A New Typeface for Road Signs

Last weekend the New York Times Magazine featured an article about the typeface that will eventually grace its presence on all of the highways in the US.

It’s a nice little article about the history of signage for the US Highways. The previous family of typefaces used by the Federal Highway Administration was known as Highway Gothic. The new typeface that’s slated to replace it is Clearview. The picture below shows the old Highway Gothic on the left and Clearview on the right.

Highway Sign in Clearview Type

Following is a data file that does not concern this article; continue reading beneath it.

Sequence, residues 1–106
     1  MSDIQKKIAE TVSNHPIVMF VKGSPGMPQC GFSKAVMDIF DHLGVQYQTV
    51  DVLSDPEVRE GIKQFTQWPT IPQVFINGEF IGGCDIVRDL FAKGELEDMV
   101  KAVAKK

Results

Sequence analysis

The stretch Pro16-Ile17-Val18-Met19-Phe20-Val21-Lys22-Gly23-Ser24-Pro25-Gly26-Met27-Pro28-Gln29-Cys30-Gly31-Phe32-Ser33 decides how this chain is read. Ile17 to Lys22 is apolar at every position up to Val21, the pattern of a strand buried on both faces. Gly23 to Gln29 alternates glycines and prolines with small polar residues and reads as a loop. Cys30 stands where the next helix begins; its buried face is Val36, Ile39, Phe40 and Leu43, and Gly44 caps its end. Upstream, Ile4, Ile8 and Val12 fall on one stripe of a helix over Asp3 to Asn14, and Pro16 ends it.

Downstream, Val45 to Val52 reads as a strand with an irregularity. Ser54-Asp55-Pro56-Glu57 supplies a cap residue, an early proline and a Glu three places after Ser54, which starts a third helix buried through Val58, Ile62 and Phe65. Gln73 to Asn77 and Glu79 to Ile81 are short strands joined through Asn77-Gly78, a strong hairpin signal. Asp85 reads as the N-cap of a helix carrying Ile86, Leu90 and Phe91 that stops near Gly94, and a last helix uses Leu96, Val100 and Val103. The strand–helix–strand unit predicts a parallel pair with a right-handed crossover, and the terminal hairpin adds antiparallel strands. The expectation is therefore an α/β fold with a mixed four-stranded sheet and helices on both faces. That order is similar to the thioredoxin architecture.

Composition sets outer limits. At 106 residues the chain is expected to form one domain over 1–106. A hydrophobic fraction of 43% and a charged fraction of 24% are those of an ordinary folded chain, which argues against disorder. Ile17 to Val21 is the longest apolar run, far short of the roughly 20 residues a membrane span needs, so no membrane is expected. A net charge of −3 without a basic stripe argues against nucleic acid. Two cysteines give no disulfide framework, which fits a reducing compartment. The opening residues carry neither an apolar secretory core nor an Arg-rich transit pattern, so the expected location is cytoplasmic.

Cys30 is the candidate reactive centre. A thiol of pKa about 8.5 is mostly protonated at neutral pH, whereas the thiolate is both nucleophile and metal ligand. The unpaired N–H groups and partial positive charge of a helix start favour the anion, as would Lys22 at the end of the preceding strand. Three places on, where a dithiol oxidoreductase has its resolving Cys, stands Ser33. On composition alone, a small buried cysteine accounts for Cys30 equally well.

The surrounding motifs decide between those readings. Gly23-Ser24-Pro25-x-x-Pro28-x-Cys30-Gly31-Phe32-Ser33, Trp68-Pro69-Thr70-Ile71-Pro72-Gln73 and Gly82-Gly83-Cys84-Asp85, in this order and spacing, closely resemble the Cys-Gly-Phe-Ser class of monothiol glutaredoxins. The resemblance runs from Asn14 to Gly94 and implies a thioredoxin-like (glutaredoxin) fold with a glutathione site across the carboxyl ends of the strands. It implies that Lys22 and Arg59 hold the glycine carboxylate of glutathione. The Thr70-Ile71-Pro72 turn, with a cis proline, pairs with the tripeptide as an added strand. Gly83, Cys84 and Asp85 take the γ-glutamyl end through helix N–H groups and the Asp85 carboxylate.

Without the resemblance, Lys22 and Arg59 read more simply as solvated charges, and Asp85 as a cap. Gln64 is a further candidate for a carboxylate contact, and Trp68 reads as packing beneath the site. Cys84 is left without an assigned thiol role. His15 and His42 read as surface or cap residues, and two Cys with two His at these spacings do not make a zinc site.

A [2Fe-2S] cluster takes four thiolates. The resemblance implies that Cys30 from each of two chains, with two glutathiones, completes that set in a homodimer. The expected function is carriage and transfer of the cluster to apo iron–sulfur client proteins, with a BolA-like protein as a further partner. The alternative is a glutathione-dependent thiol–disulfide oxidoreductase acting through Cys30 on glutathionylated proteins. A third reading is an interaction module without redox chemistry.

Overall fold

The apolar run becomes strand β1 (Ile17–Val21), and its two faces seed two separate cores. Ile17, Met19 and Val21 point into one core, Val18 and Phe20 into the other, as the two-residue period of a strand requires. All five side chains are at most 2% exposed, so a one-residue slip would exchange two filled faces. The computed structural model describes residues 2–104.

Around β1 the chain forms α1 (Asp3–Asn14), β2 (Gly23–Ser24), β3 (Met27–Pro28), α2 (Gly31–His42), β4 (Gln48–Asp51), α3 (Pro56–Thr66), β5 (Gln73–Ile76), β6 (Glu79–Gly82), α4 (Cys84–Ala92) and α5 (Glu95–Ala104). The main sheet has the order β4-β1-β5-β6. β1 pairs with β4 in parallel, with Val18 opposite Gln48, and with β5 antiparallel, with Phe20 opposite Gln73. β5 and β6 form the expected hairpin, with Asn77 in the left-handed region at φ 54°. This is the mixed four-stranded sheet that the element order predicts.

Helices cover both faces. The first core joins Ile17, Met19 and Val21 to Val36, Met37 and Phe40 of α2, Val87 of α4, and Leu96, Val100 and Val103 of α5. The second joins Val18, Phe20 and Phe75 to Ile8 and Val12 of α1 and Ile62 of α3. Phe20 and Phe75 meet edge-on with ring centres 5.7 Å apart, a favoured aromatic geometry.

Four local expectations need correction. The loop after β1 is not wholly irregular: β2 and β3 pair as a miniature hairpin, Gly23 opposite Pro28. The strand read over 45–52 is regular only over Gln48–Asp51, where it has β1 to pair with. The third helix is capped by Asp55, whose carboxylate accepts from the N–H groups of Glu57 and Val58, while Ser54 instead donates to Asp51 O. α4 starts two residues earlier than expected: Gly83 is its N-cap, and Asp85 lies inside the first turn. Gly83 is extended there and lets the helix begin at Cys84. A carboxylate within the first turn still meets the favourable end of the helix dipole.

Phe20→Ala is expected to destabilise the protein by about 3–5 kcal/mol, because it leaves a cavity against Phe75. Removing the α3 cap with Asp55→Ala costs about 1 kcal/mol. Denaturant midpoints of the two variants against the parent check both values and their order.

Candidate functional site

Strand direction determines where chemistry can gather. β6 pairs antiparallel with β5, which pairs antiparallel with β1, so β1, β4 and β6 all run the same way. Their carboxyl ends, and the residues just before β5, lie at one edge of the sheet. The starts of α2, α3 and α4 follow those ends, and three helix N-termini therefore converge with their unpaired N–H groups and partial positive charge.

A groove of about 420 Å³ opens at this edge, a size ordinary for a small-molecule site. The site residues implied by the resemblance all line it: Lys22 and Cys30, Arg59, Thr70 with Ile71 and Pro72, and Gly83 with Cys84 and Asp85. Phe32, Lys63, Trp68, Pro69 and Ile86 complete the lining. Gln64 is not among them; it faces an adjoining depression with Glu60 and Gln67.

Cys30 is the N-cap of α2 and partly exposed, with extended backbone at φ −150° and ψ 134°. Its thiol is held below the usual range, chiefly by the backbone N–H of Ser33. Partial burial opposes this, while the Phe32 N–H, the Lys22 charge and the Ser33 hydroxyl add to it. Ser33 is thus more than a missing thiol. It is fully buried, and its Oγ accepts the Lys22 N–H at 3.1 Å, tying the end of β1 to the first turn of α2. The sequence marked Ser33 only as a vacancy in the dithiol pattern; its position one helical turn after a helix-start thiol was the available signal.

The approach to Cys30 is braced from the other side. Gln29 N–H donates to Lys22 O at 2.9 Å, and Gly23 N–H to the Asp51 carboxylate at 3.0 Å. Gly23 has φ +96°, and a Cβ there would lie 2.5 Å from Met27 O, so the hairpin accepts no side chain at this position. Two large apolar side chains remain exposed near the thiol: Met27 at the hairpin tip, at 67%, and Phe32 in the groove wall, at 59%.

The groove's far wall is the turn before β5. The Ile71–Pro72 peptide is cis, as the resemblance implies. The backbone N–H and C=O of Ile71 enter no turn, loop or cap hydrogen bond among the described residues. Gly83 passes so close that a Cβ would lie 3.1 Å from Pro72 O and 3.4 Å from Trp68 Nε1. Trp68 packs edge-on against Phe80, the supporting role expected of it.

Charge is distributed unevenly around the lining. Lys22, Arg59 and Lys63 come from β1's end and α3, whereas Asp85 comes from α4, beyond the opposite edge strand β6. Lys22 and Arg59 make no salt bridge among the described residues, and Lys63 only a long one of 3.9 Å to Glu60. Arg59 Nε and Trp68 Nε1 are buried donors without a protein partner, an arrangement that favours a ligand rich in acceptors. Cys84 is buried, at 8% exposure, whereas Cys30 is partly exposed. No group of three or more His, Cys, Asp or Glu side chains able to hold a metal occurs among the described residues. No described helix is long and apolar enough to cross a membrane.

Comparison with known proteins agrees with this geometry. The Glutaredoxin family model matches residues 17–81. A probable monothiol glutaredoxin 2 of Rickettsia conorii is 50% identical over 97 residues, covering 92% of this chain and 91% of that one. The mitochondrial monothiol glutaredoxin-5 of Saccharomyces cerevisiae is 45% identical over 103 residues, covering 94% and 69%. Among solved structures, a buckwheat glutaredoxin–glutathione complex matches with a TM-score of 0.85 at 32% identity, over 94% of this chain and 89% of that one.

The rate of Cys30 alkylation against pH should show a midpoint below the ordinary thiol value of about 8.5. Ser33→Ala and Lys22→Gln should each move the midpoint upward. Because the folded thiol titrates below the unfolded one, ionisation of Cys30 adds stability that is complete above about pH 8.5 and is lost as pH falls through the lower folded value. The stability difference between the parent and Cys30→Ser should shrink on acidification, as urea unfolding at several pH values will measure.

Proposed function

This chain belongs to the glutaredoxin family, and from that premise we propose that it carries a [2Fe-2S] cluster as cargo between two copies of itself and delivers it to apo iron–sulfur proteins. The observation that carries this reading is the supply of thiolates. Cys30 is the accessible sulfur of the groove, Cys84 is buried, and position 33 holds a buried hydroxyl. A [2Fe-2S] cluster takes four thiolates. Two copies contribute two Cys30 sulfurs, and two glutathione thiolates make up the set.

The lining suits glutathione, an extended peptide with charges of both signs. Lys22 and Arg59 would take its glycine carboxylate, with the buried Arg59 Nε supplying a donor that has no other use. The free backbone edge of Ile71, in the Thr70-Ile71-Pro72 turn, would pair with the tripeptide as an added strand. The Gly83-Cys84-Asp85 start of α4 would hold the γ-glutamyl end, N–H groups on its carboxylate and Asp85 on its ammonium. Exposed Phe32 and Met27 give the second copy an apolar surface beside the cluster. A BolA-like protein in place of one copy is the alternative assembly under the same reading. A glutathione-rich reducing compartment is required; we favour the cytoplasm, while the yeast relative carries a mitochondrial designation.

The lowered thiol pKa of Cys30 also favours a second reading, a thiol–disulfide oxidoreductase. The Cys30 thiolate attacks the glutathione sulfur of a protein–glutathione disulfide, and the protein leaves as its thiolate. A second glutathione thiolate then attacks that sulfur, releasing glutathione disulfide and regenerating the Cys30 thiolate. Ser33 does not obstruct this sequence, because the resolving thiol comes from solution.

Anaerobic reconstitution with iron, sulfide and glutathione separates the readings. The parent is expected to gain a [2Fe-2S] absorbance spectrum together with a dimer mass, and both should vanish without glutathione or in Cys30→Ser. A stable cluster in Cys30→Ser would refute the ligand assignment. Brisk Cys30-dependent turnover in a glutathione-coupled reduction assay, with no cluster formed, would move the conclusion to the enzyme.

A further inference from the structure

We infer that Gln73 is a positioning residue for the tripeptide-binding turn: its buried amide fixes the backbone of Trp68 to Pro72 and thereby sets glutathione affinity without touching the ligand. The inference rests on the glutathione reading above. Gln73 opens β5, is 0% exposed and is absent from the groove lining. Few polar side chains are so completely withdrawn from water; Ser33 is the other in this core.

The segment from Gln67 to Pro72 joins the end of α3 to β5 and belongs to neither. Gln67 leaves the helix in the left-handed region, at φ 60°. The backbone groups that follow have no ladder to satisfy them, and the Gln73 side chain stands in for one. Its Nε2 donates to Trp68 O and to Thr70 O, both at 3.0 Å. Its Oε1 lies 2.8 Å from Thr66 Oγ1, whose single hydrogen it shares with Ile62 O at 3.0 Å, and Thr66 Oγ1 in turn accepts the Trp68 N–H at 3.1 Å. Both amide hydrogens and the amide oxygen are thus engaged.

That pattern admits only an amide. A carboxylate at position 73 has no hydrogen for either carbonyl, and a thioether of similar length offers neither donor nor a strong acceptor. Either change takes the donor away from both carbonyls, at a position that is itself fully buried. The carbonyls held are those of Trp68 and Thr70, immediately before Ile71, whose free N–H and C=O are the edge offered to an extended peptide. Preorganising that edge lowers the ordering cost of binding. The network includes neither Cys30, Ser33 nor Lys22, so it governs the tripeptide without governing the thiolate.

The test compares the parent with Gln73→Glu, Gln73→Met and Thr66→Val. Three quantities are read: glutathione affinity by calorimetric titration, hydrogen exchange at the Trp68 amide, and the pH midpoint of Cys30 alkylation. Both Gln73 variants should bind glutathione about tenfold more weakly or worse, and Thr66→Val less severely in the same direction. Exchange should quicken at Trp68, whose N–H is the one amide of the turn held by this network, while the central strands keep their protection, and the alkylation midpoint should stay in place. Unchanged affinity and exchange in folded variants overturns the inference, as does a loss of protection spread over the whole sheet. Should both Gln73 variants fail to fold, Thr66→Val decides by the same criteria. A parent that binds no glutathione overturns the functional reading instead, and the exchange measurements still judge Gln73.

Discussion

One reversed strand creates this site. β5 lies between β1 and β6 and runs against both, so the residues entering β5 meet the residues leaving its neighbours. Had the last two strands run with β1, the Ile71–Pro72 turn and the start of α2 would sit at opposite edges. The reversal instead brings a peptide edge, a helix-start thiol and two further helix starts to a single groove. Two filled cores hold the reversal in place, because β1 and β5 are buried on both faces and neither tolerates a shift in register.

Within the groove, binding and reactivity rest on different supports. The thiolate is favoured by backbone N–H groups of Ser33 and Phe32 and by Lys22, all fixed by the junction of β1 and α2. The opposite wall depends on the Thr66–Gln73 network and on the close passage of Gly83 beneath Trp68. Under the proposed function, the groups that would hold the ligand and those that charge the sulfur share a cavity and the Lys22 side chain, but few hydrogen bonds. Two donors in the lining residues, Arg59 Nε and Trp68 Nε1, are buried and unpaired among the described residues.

Clearview was designed by Don Meeker and James Montalbano, with an eye for readability at 70mph. According to their studies, Clearview is quite successful.

In nighttime tests, Clearview showed a 16 percent improvement in recognition over Highway Gothic, meaning drivers traveling at 60 miles per hour would have an extra one to two seconds to make a decision.

That’s a lot of time on a highway.

Kohoi Vinh has posted about the article on Subtraction (one of the best designed blogs around):

Vinh has posted some really nice photos of the print version of the story. It’s a shame I missed the print version. The layout is quite nice. I might just have to go find myself a copy.

You can follow any responses to this entry through the RSS 2.0 feed. Both comments and pings are currently closed.

Comments are closed.



appointive
appointive
appointive
appointive